• Cleopatra by Stacy Schiff- I was really excited about this book. Most books I've read about history are about men because women in history have been kept from making much of a difference in politics or if they have, the credit has been given to men instead. I was a bit disappointed that this book was mostly about how Cleopatra influenced powerful men at the time she was alive. It made sense it was written that way since most of what we know about Cleopatra is through what Roman historians wrote about her. I still enjoyed learning about this time in history, the book just wasn't quite what I had hoped it would be.
  • Commonwealth by Ann Patchett- I wasn't sure what this book was about but kept seeing it listed on book lists so I decided to give it a try. It had me sucked in within the first 5 minutes. It was so good! I don't want to give anything away on this one because it was so beautifully done and just kept surprising me as it unfolded. I definitely recommend this one!
  • If You Leave Me by Crystal Hana Kim- This book was interesting. It followed the life of two main characters who were refugees during a civil war in their country. I liked how it showed even in times of war and unrest people still search for the same things. It was sad as you followed the push and pull of the main character's life.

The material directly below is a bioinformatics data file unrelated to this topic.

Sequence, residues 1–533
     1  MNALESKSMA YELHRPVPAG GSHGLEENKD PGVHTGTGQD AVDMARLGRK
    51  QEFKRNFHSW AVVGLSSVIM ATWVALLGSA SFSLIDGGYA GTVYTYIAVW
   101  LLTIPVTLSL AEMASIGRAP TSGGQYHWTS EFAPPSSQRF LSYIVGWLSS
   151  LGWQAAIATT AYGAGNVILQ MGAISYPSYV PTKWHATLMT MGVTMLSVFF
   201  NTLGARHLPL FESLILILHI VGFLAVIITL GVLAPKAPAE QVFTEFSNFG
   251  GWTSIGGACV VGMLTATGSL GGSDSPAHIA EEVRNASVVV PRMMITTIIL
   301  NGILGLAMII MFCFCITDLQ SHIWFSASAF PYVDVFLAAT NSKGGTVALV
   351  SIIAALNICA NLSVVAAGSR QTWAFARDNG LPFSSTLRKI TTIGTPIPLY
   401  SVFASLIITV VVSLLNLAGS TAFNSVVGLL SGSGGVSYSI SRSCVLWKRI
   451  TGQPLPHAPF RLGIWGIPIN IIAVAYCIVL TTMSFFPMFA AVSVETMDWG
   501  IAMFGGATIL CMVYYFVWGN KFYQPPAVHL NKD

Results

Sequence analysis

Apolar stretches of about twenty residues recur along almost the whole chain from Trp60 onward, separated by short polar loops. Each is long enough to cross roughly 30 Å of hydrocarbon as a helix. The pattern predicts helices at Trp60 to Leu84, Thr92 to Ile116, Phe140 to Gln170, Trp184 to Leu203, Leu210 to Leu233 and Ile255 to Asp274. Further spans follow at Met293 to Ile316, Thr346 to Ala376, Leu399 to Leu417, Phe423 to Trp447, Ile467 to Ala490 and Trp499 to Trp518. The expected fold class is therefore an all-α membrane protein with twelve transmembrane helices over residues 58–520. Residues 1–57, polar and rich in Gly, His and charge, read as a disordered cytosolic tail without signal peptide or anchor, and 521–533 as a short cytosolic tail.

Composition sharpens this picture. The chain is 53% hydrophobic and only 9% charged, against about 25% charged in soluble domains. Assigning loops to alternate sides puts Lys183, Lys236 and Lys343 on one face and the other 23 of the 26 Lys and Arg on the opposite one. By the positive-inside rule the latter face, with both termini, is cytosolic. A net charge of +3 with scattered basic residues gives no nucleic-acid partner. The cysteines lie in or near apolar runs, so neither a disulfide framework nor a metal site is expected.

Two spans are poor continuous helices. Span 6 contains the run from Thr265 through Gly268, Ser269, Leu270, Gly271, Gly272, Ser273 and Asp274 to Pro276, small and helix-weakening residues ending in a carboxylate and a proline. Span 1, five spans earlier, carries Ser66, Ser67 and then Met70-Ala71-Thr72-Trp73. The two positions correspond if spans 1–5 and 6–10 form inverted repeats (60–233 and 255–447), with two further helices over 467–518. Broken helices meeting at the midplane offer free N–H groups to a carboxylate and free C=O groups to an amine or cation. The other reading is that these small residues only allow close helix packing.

• Farenheit 451 by Ray Bradbury- I was looking for a new audiobook and decided to just scroll through Hoopla. I saw this one was read by Tim Robbins so I immediately downloaded it! It was so good. I loved the voices Robbins did for the reading and, of course, Farenheit 451 was so good!


  1. Well, I like Sophie Kinsella, too. :) And I used to read all of Rhys Bowen, but got tired of hers. The ones I read were set in the 1800s.

    1. I couldn't quite put my finger on what I didn't like about her book. I think it just started out slow. I don't know. Everyone else in book club liked it.

  2. I loved Hello Sunshine but I just checked and my library system doesn't have Eight Hundred Grapes! As always I love your recommendations each month. :-) I need to buy Meb's book.

    1. Darn, it was so good! You would LOVE Meb's book! I felt like I was alongside him as he ran his races and he threw great tips in there as well. It was so good!